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shelf

[shelf]
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noun, plural shelves [shelvz] /ʃɛlvz/.
  1. a thin slab of wood, metal, etc., fixed horizontally to a wall or in a frame, for supporting objects.
  2. the contents of this: a shelf of books.
  3. a surface or projection resembling this; ledge.
  4. Physical Geography.
    1. a sandbank or submerged extent of rock in the sea or river.
    2. the bedrock underlying an alluvial deposit or the like.
    3. continental shelf.
  5. Archery. the upper part of the bow hand, on which the arrow rests.
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Idioms
  1. off the shelf, readily available from merchandise in stock: Any of those parts can be purchased off the shelf.
  2. on the shelf, Informal.
    1. put aside temporarily; postponed.
    2. inactive; useless.
    3. without prospects of marriage, as after having broken an engagement.
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Origin of shelf

1350–1400; Middle English; Old English scylfe; akin to Low German schelf shelf, Old Norse -skjalf bench
Related formsshelf·like, adjective
Dictionary.com Unabridged Based on the Random House Unabridged Dictionary, © Random House, Inc. 2018

Related Words for shelf

counter, cupboard, rack, ledge, ridge, reef, mantle, shallow, bracket, shoal, rock, console, bank, mantelpiece

Examples from the Web for shelf

Contemporary Examples of shelf

Historical Examples of shelf


British Dictionary definitions for shelf

shelf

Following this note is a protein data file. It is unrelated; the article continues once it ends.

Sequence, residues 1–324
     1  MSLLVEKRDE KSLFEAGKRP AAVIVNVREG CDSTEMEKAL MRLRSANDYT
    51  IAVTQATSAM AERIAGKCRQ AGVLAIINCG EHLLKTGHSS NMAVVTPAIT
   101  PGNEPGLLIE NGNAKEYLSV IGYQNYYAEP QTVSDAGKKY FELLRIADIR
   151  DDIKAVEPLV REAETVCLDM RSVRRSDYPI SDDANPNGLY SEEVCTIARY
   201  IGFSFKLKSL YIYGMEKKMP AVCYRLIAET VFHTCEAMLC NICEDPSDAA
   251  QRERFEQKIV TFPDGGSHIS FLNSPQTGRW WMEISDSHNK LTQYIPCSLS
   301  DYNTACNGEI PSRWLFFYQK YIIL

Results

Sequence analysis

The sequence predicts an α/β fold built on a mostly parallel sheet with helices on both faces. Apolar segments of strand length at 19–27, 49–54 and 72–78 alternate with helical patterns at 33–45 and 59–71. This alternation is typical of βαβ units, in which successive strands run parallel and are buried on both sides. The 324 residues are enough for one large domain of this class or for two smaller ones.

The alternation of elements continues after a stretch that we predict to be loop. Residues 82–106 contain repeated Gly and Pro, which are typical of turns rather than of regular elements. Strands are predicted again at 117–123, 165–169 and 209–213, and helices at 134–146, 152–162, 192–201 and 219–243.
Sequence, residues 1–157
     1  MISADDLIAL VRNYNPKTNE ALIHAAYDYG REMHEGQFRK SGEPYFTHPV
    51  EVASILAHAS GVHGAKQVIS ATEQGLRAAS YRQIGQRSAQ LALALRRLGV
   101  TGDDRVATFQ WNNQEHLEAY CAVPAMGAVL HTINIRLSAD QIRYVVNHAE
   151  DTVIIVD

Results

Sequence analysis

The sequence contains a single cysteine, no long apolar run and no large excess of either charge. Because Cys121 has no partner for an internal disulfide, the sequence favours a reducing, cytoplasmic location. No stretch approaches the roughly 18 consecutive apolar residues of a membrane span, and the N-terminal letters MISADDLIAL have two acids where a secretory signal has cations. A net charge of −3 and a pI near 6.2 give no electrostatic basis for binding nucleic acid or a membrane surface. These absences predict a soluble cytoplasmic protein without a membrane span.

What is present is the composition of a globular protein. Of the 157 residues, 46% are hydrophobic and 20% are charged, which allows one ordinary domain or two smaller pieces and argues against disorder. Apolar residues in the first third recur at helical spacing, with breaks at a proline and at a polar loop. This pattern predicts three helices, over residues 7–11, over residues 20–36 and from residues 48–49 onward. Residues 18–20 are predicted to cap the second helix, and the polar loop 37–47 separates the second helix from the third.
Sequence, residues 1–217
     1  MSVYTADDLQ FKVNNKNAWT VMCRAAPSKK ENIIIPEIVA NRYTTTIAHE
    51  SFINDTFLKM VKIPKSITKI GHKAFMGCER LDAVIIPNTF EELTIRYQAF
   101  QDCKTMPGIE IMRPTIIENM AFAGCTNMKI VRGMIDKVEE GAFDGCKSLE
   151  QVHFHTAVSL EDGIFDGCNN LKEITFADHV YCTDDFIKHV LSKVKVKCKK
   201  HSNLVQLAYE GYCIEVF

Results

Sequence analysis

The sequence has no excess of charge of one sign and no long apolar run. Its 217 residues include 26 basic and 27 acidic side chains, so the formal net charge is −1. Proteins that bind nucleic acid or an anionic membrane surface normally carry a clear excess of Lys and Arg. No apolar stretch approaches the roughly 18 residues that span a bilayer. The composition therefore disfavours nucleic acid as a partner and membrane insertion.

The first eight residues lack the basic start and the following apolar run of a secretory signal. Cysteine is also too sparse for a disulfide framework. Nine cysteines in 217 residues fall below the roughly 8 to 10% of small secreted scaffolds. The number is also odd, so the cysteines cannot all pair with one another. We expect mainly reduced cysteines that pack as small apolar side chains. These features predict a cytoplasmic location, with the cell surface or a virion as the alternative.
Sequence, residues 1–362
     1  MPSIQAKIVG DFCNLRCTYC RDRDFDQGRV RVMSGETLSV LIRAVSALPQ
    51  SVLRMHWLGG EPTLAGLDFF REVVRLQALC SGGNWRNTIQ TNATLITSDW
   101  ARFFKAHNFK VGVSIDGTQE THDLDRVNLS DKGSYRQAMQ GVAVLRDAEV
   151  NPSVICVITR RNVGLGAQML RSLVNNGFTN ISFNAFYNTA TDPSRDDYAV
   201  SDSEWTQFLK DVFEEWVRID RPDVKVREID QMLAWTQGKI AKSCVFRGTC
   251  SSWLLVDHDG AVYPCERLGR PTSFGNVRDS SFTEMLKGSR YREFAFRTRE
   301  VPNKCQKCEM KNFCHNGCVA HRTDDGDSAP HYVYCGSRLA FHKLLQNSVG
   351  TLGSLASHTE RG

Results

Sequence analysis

noun plural shelves (ʃɛlvz)
  1. a thin flat plank of wood, metal, etc, fixed horizontally against a wall, etc, for the purpose of supporting objects
  2. something resembling this in shape or function
  3. the objects placed on a shelf, regarded collectivelya shelf of books
  4. a projecting layer of ice, rock, etc, on land or in the seaSee also continental shelf
  5. mining a layer of bedrock hit when sinking a shaft
  6. archery the part of the hand on which an arrow rests when the bow is grasped
  7. See off the shelf
  8. on the shelf put aside or abandoned: used esp of unmarried women considered to be past the age of marriage
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verb
  1. (tr) Australian slang to inform upon
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Derived Formsshelflike, adjective

Word Origin for shelf

Old English scylfe ship's deck; related to Middle Low German schelf shelf, Old English scylf crag
Collins English Dictionary - Complete & Unabridged 2012 Digital Edition © William Collins Sons & Co. Ltd. 1979, 1986 © HarperCollins Publishers 1998, 2000, 2003, 2005, 2006, 2007, 2009, 2012

Word Origin and History for shelf

n.

late 14c., from Middle Low German schelf "shelf, set of shelves," or from Old English cognate scylfe, which perhaps meant "shelf, ledge, floor," and scylf "peak, pinnacle," from Proto-Germanic *skelf- "split," possibly from the notion of a split piece of wood (cf. Old Norse skjölf "bench"), from PIE root *(s)kel- (1) "to cut, cleave" (see scale (n.1)).

Shelf life first recorded 1927. Phrase on the shelf "out of the way, inactive" is attested from 1570s; of unmarried women with no prospects from 1839. Off the shelf "ready-made" is from 1936. Meaning "ledge of rock" is from 1809, perhaps from or influenced by shelf (n.2). Related: Shelves.

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n.2

"sandbank," 1540s, of unknown origin. Related: Shelfy "abounding in sandbanks."

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Online Etymology Dictionary, © 2010 Douglas Harper

shelf in Science

shelf

[shĕlf]
  1. See continental shelf.
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The American Heritage® Science Dictionary Copyright © 2011. Published by Houghton Mifflin Harcourt Publishing Company. All rights reserved.

Idioms and Phrases with shelf

shelf

see off the shelf; on the shelf.

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The American Heritage® Idioms Dictionary Copyright © 2002, 2001, 1995 by Houghton Mifflin Harcourt Publishing Company. Published by Houghton Mifflin Harcourt Publishing Company.